We studied interspecific and ontogenetic relationships between
the size of a leaf and the primary diameter of the
internode bearing it. Although these two variables are known to be
strongly correlated across species, the form of
this relationship has not been studied. In a re-analysis of published
data on interspecific comparisons of 69
temperate tree species, we showed the existence of a strong relationship
between twig cross-sectional area (before
secondary growth) and surface area of leaves borne by it, within each
of three morphological groups, deciduous
angiosperms, evergreen angiosperms, and gymnosperms. Within each of
these groups, this relationship is
isometric: across species, primary cross-sectional area of the stem
increases proportionally with leaf surface area.
When we consider the relationship between the cross-sectional area of
a twig and the surface area of one leaf
borne by it, the y-intercepts for this relation are different for the
three groups. However, when total leaf surface
area per first-year shoot is considered, no differences remained
between gymnosperms and evergreen angiosperms,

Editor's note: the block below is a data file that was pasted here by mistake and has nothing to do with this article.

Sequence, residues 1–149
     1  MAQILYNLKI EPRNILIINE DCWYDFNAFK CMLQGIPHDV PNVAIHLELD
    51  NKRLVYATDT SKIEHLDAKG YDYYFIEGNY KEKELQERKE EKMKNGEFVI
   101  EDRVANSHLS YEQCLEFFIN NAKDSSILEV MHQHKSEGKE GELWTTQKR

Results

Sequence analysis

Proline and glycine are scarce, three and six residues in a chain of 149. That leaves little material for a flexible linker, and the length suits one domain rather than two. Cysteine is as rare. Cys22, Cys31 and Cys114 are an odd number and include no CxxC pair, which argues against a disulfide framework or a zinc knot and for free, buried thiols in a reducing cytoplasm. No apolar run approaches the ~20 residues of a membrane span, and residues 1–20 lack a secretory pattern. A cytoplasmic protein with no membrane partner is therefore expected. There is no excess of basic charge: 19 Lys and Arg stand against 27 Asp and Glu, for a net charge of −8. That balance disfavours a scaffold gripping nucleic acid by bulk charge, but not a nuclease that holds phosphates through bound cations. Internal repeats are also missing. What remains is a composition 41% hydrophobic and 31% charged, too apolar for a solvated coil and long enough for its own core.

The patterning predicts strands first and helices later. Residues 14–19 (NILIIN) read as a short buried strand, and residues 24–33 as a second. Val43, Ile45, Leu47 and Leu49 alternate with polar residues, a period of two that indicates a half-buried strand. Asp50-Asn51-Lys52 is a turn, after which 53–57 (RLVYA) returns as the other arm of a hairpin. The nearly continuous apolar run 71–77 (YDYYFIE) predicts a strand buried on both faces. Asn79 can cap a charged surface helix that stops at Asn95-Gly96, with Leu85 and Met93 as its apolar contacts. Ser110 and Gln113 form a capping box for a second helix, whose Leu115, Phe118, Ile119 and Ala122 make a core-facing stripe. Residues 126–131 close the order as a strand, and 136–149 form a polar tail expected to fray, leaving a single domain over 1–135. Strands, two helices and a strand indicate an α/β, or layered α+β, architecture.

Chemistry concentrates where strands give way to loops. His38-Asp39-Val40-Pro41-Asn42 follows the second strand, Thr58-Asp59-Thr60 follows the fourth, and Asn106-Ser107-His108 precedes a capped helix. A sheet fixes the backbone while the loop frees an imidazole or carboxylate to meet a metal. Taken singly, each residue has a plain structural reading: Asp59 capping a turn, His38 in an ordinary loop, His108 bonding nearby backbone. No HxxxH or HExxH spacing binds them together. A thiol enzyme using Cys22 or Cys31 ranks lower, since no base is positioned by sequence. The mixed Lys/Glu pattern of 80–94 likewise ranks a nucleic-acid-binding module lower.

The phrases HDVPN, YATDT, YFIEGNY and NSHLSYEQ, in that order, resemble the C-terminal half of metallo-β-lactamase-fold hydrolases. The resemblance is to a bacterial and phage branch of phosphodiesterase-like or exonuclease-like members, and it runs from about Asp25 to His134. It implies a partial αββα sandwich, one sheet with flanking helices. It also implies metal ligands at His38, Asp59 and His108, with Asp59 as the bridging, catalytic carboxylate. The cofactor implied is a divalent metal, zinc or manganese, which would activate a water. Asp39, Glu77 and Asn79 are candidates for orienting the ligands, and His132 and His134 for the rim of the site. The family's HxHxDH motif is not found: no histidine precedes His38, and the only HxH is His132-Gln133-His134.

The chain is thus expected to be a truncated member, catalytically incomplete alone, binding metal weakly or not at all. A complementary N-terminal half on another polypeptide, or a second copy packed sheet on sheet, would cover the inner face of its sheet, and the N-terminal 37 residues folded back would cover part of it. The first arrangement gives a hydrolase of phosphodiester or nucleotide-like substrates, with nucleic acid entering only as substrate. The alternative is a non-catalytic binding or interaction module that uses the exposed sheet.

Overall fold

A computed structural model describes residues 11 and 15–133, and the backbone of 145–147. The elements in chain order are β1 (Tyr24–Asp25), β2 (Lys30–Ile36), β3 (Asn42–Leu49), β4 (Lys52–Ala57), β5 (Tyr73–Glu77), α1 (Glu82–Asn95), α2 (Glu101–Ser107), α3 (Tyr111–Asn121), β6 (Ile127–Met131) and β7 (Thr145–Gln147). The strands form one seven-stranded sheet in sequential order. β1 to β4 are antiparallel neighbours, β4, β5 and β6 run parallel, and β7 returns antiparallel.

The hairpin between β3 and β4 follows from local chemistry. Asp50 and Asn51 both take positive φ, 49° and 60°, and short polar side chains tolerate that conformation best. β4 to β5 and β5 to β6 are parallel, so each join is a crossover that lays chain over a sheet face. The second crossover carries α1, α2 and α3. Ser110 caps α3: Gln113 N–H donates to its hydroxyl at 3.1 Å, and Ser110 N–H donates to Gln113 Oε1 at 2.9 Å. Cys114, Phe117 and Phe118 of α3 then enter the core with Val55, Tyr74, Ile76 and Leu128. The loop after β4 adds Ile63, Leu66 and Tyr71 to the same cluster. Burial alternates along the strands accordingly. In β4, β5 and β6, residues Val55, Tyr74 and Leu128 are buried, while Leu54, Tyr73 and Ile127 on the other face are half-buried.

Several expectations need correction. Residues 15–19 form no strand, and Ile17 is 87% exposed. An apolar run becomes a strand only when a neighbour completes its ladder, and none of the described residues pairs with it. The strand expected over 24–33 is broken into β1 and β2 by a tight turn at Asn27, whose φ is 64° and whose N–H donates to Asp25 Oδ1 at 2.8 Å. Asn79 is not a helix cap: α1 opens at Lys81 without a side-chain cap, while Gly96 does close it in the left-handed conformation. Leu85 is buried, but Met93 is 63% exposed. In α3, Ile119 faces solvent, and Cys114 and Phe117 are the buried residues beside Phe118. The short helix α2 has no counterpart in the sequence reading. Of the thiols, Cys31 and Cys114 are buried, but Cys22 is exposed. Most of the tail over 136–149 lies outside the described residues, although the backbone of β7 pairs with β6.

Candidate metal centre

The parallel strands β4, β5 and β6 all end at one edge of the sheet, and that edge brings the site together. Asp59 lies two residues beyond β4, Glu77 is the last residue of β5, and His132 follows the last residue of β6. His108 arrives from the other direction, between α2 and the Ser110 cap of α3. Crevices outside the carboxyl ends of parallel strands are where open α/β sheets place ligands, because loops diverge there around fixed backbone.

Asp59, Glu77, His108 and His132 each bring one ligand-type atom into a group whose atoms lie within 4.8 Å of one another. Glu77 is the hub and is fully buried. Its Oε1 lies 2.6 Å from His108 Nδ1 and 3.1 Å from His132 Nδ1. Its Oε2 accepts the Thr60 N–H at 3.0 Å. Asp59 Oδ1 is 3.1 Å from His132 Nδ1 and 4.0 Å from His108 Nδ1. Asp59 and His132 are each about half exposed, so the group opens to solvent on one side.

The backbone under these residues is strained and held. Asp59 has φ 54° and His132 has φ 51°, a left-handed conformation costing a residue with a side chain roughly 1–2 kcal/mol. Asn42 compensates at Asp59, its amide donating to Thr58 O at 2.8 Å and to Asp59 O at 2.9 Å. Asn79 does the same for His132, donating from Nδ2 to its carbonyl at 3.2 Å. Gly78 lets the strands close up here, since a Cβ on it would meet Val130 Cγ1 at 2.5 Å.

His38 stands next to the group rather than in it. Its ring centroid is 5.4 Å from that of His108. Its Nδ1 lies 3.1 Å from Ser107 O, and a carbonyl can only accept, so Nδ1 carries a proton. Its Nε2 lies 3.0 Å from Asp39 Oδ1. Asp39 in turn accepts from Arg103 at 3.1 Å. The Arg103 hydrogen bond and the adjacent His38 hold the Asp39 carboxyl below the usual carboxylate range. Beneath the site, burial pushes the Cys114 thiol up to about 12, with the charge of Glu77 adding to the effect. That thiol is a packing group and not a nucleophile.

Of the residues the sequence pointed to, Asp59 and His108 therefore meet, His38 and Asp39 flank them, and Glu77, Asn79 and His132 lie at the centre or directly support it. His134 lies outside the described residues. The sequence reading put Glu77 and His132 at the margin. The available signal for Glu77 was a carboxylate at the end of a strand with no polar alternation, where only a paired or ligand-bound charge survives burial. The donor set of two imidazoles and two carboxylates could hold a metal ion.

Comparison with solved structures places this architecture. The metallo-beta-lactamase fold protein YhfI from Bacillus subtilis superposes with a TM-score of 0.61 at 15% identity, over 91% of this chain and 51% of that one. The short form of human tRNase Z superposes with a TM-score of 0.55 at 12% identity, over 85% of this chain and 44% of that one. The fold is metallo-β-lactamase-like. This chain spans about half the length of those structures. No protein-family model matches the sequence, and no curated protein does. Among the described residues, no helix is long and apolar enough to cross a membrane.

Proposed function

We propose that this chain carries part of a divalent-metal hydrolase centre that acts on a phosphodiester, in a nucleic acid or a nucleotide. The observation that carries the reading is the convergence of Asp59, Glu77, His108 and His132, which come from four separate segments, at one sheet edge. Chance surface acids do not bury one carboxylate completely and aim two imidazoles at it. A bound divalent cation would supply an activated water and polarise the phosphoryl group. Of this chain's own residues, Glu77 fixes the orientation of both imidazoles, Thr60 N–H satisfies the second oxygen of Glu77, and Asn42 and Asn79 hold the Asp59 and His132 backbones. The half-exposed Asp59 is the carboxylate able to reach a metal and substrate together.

but deciduous angiosperms continued to be distinct. This difference
between deciduous and evergreen groups
could be due to differences in leaf volume (evergreen species have
thicker leaves than deciduous) or in traits related
to a trade-off between life span of leaves and their physiological behaviour.
We present results of the first quantitative study of the relationship
between leaf size and primary diameter of
the stem during ontogeny. Both these parameters increase during
development of the plant from seedling to adult.
For the four tree species examined, the relationship between
primary cross-sectional area of the stem and leaf
surface area is also isometric.
These results bear on a functional interpretation of the
relationship between leaf and stem dimensions,
suggesting that vascular supply is directly proportional to the
requirements of leaves supported by the stem.